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A Chicago thing: A radio journalist provides an extraordinary glimpse of his life
Ron Fimrite
June 12, 2000
Home and AwayBy Scott Simon/Hyperion, $23.95
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June 12, 2000

A Chicago Thing: A Radio Journalist Provides An Extraordinary Glimpse Of His Life

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Home and Away
By Scott Simon/Hyperion, $23.95

The subtitle of this extraordinary book by the host of National Public Radio's Weekend Edition is Memoir of a Fan, and while the book is indisputably that, it is also much, much more. There are moving and often amusing portraits of the author's mother, father, stepfather and "uncles," broadcaster Jack Brickhouse and former Chicago Cubs manager Charlie (Jolly Cholly) Grimm. There are insights into the complex and often corrupt world of Chicago politics, the city being this book's true protagonist. There are compelling scenes from Simon's years as a war correspondent (in Croatia, Bosnia and Yugoslavia), roving reporter and political operative.

The profound differences in personality between the Cubs and the Bears are neatly defined: The Cubs are "the devotion that defines despair," Simon writes. "They were winsome in a city that saw itself as swaggering.... For the gruff, tough and gritty ways in which Chicagoans styled themselves, there were the Bears." There is also an emotional account of Michael Jordan's last championship season with the Bulls that is a book within a book.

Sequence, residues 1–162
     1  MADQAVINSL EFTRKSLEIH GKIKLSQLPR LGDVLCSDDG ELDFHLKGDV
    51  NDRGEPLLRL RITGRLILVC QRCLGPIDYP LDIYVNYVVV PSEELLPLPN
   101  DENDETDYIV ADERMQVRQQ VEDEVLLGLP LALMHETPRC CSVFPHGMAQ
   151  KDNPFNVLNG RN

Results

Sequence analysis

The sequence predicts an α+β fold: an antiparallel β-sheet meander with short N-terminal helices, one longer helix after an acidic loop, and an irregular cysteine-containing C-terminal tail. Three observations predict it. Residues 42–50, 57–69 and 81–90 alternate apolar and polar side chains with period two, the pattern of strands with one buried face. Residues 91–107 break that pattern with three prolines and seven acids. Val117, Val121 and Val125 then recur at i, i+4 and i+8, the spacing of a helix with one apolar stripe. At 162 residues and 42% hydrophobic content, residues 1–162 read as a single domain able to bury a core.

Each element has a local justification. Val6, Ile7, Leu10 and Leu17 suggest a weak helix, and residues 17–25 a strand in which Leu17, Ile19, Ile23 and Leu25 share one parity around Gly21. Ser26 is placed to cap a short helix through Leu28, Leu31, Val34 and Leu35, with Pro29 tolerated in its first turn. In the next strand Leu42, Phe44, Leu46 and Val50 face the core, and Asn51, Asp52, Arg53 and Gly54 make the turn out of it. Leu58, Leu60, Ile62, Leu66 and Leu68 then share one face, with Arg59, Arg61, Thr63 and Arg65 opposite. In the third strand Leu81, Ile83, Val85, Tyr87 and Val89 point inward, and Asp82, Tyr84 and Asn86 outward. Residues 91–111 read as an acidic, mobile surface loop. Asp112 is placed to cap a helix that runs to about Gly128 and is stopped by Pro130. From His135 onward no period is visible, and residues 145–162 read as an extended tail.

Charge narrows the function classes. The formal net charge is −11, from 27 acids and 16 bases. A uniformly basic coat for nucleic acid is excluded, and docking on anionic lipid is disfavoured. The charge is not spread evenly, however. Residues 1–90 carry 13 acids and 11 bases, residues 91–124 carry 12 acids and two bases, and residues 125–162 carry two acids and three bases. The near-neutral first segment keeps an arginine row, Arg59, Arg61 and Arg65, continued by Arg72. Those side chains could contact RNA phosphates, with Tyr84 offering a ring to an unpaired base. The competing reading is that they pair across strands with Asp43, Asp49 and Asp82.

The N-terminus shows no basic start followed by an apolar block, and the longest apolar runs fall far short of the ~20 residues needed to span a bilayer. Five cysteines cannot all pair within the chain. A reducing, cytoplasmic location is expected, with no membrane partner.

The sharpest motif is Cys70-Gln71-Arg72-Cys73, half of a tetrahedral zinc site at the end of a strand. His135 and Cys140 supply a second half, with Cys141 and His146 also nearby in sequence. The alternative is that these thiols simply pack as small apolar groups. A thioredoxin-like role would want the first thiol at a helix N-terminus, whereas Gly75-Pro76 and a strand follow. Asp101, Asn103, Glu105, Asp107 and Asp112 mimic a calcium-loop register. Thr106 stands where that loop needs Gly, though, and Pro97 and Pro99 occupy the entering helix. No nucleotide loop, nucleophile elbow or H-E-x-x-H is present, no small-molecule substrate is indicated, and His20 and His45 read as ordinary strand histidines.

Although he plays mainly a supporting role to his large and glamorous cast of characters, Simon emerges from these busy pages as more than an observer. Rarely do you find in books of this genre a clearer look into the mysteries and confusions of childhood. As we read on, we see the memoirist undergo many transformations, from, for example, '70s war protester to '90s war chronicler. The one constant throughout is Simon's intrepid fanism. A cynical reader or even a sportswriter—perhaps particularly a sportswriter—might find in this singular devotion a trace of naivet�. But Simon would probably reply that it's just a Chicago thing.

The writing is uniformly superb. This, in fact, is a memoir of such breadth and reach that it compares favorably with another book that is allegedly about the nature of sports allegiance, Frederick Exley's A Fan's Notes. And that, believe me, is saying something.

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